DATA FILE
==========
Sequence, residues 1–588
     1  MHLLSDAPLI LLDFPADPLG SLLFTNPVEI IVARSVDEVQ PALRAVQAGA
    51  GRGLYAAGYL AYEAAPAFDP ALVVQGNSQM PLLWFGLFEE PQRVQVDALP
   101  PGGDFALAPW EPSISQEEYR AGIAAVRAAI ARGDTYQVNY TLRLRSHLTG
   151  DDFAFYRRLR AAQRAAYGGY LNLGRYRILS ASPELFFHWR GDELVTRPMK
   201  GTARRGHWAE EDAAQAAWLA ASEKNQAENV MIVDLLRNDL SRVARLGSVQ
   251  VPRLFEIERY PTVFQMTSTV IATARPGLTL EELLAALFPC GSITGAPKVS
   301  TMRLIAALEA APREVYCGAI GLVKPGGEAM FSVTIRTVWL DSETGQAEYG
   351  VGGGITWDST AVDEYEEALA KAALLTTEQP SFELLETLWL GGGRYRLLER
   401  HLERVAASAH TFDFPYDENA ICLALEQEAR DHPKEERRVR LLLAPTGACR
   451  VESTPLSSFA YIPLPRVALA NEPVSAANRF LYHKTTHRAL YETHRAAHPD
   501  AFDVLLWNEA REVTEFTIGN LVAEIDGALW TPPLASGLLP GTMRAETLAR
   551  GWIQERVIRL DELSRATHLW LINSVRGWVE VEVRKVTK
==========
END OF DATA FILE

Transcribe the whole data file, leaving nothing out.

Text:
Sequence, residues 1–588
     1  MHLLSDAPLI LLDFPADPLG SLLFTNPVEI IVARSVDEVQ PALRAVQAGA
    51  GRGLYAAGYL AYEAAPAFDP ALVVQGNSQM PLLWFGLFEE PQRVQVDALP
   101  PGGDFALAPW EPSISQEEYR AGIAAVRAAI ARGDTYQVNY TLRLRSHLTG
   151  DDFAFYRRLR AAQRAAYGGY LNLGRYRILS ASPELFFHWR GDELVTRPMK
   201  GTARRGHWAE EDAAQAAWLA ASEKNQAENV MIVDLLRNDL SRVARLGSVQ
   251  VPRLFEIERY PTVFQMTSTV IATARPGLTL EELLAALFPC GSITGAPKVS
   301  TMRLIAALEA APREVYCGAI GLVKPGGEAM FSVTIRTVWL DSETGQAEYG
   351  VGGGITWDST AVDEYEEALA KAALLTTEQP SFELLETLWL GGGRYRLLER
   401  HLERVAASAH TFDFPYDENA ICLALEQEAR DHPKEERRVR LLLAPTGACR
   451  VESTPLSSFA YIPLPRVALA NEPVSAANRF LYHKTTHRAL YETHRAAHPD
   501  AFDVLLWNEA REVTEFTIGN LVAEIDGALW TPPLASGLLP GTMRAETLAR
   551  GWIQERVIRL DELSRATHLW LINSVRGWVE VEVRKVTK